Saturday, 24 October 2015

Hatred of the past

Graz is a city, where pre-modern architecture has been preseved in such a way, that the tasteful continuum of classical beauty as interpreted in different periods created a world of timeless elegance and poetry:



























But, of course, that was not enough - a modern museum was needed. And thus, a monstrous blurb was created, demonstrating the grotesque lack of any architectrual quality or respect for its surroundings:







You can see the monster eating its way through the fabric of a thoroughly humane settlement, like some gruesome parasite. And indeed, such 'architecture' is thoroughly parasitic.

Modernism transcends the boundaries of genre. In music, this would be the intrusion of a Xenakis piece in an otherwise normal, regular orchestral concert. It is a way of thinking, of designing, which  aggressively wants to make a 'statement' in the idiom that exudes the core of the movement: hate of the 'past' and its achievements, and a strict anti-humanist stance. Modernist architecture has created a new genre of building: not architecture but 'object building'.

How do the Grazzers themselves look upon this museum? I saw an English TV programme where the moderator visited a terrace on the local mountain where he met a local couple enjoying the wide view over the city, with this eye sore in the middle. 'What do you think of that gallery?' the man asked them. The couple answered hesitatingly that they did not like it but excused themselves immediately that this was merely a subjective opinion... probably out of fear of being unexpectedly filmed as conservatives. But they confirmed that this abject object 'did not fit' within the cityscape. That was, at least, some admittance of common sense.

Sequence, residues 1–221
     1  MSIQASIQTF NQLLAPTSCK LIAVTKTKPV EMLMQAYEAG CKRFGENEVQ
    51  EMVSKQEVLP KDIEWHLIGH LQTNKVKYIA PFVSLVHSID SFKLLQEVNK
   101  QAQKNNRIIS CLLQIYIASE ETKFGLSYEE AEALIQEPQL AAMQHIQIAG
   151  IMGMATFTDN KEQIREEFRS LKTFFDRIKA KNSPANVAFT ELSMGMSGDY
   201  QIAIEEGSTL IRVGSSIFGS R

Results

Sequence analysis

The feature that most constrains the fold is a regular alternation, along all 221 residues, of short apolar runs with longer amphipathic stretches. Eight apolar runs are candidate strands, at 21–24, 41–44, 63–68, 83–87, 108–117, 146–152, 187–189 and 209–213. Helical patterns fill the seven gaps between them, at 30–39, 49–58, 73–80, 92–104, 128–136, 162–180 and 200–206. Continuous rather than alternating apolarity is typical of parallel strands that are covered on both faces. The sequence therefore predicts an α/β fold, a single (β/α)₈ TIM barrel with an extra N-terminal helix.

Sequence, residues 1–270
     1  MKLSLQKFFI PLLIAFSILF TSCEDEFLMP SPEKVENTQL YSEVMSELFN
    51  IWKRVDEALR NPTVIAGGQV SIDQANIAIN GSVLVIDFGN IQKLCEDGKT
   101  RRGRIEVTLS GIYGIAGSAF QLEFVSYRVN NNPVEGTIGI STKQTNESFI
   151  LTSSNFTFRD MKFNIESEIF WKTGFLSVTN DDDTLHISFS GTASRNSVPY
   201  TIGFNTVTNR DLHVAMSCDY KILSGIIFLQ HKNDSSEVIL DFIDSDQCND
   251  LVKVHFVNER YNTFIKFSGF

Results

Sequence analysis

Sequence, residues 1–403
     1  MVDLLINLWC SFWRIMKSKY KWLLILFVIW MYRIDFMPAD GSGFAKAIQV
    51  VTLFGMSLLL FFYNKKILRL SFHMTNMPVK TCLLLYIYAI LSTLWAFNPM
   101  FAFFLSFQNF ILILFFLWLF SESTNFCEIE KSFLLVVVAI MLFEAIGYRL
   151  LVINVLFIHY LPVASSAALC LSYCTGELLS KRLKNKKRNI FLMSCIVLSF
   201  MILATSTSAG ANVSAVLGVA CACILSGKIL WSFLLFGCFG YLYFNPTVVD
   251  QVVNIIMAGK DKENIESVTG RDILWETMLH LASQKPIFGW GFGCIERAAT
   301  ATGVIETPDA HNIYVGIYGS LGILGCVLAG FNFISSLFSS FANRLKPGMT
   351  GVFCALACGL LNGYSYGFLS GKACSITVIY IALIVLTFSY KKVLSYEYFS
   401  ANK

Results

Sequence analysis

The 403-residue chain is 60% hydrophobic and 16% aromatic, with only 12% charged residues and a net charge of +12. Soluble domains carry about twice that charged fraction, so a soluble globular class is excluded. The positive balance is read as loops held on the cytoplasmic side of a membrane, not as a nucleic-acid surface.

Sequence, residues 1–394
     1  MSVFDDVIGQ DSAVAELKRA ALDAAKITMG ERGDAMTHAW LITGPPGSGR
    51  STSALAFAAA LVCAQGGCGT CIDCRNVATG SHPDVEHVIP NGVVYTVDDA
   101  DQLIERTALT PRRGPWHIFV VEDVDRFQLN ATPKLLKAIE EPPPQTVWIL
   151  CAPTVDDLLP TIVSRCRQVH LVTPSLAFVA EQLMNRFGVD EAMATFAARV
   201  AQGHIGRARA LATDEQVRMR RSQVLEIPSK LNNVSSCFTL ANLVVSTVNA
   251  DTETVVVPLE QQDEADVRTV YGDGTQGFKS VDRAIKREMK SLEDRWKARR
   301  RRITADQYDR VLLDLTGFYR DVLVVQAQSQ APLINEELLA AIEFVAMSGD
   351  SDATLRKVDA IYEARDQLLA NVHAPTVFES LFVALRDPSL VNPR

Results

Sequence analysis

The Graz tourist site explains:

"A blue bubble of art. Designed by the world-famous architects Peter Cook and Colin Fournier, the Kunsthaus hovers elegantly and mysteriously over the right bank of the River Mur. The Kunsthaus Graz's spectacular biomorphic shape makes it an unmissable icon of the city. Its intriguing exhibition spaces attracts visitors from all over the world to view shows of Austrian and international contemporary art."

We know what kind of art will be on show..... the kind that does deserve such 'building'. But why in the heart of an old city? Why not beyond its borders, where it will merely be ugly but not intruding?



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